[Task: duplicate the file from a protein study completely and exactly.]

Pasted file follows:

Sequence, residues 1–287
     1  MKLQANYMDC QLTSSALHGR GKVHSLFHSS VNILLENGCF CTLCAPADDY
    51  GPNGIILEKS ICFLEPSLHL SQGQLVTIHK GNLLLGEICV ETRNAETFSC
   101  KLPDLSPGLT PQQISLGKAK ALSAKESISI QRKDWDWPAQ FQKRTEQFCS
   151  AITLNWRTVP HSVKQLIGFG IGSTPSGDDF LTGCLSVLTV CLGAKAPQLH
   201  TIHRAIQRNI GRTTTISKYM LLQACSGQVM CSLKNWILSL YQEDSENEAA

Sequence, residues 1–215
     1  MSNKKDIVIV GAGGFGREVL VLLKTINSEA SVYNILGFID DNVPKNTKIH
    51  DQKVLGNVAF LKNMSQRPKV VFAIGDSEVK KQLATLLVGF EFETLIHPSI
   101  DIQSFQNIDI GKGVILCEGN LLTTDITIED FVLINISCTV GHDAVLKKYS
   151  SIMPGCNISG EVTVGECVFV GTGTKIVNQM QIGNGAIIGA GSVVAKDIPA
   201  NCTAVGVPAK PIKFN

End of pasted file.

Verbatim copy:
Sequence, residues 1–287
     1  MKLQANYMDC QLTSSALHGR GKVHSLFHSS VNILLENGCF CTLCAPADDY
    51  GPNGIILEKS ICFLEPSLHL SQGQLVTIHK GNLLLGEICV ETRNAETFSC
   101  KLPDLSPGLT PQQISLGKAK ALSAKESISI QRKDWDWPAQ FQKRTEQFCS
   151  AITLNWRTVP HSVKQLIGFG IGSTPSGDDF LTGCLSVLTV CLGAKAPQLH
   201  TIHRAIQRNI GRTTTISKYM LLQACSGQVM CSLKNWILSL YQEDSENEAA

Sequence, residues 1–215
     1  MSNKKDIVIV GAGGFGREVL VLLKTINSEA SVYNILGFID DNVPKNTKIH
    51  DQKVLGNVAF LKNMSQRPKV VFAIGDSEVK KQLATLLVGF EFETLIHPSI
   101  DIQSFQNIDI GKGVILCEGN LLTTDITIED FVLINISCTV GHDAVLKKYS
   151  SIMPGCNISG EVTVGECVFV GTGTKIVNQM QIGNGAIIGA GSVVAKDIPA
   201  NCTAVGVPAK PIKFN